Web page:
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13.

Enter %LOAD_STS% in the SQL Text field and click Go.

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14.

Select the SQL text link

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15 .

The explain plan is displayed. This time the Origin is set to MANUAL-LOAD because of the way the plans were created. Click Return.

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16.

You can now drop the SQL baselines. Select the checkbox in front of each baseline and click Drop.

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17.

Click Yes to confirm the drop.

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18.

Your baselines have been dropped.

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From the Cursor Cache

You can load plans straight from the cursor cache using dbms_spm.load_plans_from_cursor_cache. It is possible to load plans for all of the statements in the cursor cache or you can apply a filter on the module name or schema name, etc. The next time these statements are executed their baseline plans will be used. Perform the following steps:

1.

The first task you need to perform is to check the explain plan. Switch to your SQL*Plus session and execute the following script:

@load_cc_explain_plan

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2.

Then execute the SQL Statement using the following script:

@load_cc_select

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3.

Now you can alter the optimizer mode by executing the following command:

alter session set optimizer_mode = first_rows;

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4.

Now re-execute the following scripts to get a different plan.

@load_cc_explain_plan
@load_cc_select

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5.

Then reset the optimizer mode by executing the following command:

alter session set optimizer_mode = all_rows;

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6.

Now that the cursor cache is populated you need to get the sql id for your SQL statement which will be used to filter the content of the cursor cache when you load the baselines. Execute the following script:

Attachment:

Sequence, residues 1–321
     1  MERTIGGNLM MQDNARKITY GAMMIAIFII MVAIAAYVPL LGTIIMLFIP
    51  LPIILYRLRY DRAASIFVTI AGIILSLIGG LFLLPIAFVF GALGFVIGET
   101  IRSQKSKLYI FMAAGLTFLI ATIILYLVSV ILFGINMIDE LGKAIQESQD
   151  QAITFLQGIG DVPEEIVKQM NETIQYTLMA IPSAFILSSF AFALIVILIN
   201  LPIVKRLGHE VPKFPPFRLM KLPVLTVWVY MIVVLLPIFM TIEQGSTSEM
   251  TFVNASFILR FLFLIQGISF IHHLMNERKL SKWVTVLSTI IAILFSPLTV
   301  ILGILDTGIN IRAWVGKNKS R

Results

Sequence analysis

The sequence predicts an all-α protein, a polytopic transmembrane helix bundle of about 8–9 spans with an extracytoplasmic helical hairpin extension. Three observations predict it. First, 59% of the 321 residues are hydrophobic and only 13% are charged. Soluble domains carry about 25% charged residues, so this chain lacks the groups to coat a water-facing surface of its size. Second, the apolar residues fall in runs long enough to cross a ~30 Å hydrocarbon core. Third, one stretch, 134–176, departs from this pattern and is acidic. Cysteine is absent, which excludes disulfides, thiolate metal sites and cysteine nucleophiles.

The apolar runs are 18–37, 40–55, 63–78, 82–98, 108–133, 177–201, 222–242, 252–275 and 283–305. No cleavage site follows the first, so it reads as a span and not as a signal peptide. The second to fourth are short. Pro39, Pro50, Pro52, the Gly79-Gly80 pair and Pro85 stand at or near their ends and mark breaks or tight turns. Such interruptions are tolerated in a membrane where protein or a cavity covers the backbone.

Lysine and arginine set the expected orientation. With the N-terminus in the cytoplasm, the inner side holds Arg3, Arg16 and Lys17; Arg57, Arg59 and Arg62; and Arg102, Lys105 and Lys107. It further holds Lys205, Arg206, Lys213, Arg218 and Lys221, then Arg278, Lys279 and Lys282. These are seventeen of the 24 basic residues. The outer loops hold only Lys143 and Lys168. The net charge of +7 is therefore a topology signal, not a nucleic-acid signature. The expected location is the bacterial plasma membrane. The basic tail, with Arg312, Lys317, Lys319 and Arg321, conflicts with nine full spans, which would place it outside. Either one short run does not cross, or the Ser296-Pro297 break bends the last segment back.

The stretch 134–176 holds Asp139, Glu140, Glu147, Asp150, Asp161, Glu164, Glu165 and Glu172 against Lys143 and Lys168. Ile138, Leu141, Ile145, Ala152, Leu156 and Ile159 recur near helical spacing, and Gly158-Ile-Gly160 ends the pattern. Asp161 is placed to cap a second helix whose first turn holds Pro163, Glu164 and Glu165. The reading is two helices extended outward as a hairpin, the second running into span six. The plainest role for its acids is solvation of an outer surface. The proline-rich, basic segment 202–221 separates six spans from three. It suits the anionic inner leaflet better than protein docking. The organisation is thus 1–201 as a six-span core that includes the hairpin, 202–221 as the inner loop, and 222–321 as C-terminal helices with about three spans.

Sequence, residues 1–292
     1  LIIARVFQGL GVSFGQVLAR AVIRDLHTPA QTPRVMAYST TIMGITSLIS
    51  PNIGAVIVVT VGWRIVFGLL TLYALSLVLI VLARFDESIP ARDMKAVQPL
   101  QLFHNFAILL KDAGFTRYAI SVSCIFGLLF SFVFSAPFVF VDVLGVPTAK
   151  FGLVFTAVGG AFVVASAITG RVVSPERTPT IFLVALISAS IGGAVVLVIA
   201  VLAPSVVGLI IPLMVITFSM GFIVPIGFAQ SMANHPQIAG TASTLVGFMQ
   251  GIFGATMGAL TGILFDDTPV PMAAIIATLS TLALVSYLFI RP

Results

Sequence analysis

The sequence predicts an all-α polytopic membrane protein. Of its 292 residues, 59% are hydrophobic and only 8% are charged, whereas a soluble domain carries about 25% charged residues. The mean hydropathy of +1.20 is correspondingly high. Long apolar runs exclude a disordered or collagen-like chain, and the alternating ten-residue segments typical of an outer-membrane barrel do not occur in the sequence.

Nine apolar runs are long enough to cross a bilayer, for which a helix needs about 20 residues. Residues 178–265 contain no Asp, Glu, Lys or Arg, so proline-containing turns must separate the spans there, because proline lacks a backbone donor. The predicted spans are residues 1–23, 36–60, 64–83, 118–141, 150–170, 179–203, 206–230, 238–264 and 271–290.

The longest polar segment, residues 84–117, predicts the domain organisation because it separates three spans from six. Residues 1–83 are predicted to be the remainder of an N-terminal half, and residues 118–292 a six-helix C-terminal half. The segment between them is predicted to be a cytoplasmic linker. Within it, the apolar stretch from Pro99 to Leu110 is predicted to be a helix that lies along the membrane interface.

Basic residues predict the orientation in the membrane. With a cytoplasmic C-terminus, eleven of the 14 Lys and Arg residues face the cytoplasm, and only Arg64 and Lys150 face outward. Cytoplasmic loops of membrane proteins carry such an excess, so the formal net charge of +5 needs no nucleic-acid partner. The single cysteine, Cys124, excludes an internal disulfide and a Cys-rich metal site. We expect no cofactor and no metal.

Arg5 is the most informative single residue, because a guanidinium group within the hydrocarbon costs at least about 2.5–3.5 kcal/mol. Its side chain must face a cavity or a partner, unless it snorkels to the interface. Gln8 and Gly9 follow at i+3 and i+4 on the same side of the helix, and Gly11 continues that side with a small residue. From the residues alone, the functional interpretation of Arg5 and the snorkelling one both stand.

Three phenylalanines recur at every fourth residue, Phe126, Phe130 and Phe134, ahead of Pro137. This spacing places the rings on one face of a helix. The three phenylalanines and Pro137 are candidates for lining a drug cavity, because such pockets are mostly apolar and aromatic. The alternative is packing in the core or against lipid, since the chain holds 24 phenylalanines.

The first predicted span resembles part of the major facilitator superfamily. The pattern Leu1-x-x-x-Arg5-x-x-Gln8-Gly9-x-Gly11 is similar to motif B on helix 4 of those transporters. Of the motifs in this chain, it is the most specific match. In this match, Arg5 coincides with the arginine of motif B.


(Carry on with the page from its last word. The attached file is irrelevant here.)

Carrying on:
@load_cc_get_sql_id

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7.

Now, you can load the plan and create the baseline. Switch to Enterprise Manager DB Control. From the Server > SQL Plan Control > SQL Plan Baseline page, click Load.

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8.

Select the radio button Load plans from cursor cache and select the flashlight for SQL id.

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9.

Enter %LOAD_CC% for the SQL text and click Go.

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10.

Select the checkbox in front of the SQL id that you saw in the previous step when you queried the cursor cache in SQL*Plus and click Select.

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11.

Click OK.

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12.

The job was submitted. Enter %LOAD_CC% for SQL Text and click Go.

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13.

Select the link for your SQL statement.

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14.

The explain plan is shown. Click Return.

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15.

You can now drop the SQL baselines. Select the checkbox in front of each baseline and click Drop.

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16.

Click Yes to confirm the drop

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17.

Your baselines have been dropped.

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Managing Plans

Each time a SQL Statement is compiled, the optimizer first uses the traditional cost-based search method to build a best-cost plan. If the initialization parameter OPTIMIZER_USE_PLAN_BASELINES is set to TRUE (default value) it will then try to find a patching plan in the SQL plan baseline. If a match is found then it proceeds as usual. Otherwise, it first adds the new plan to the plan history, and then it costs each of the accepted plans in the SQL plan baseline and picks the one with the lowest cost. Perform the following steps:

1.

The first task you need to perform is to check the explain plan. Switch to your SQL*Plus session and execute the following script:

@use_opm_explain_plan

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2.

Then execute the SQL Statement using the following script:

@use_opm_select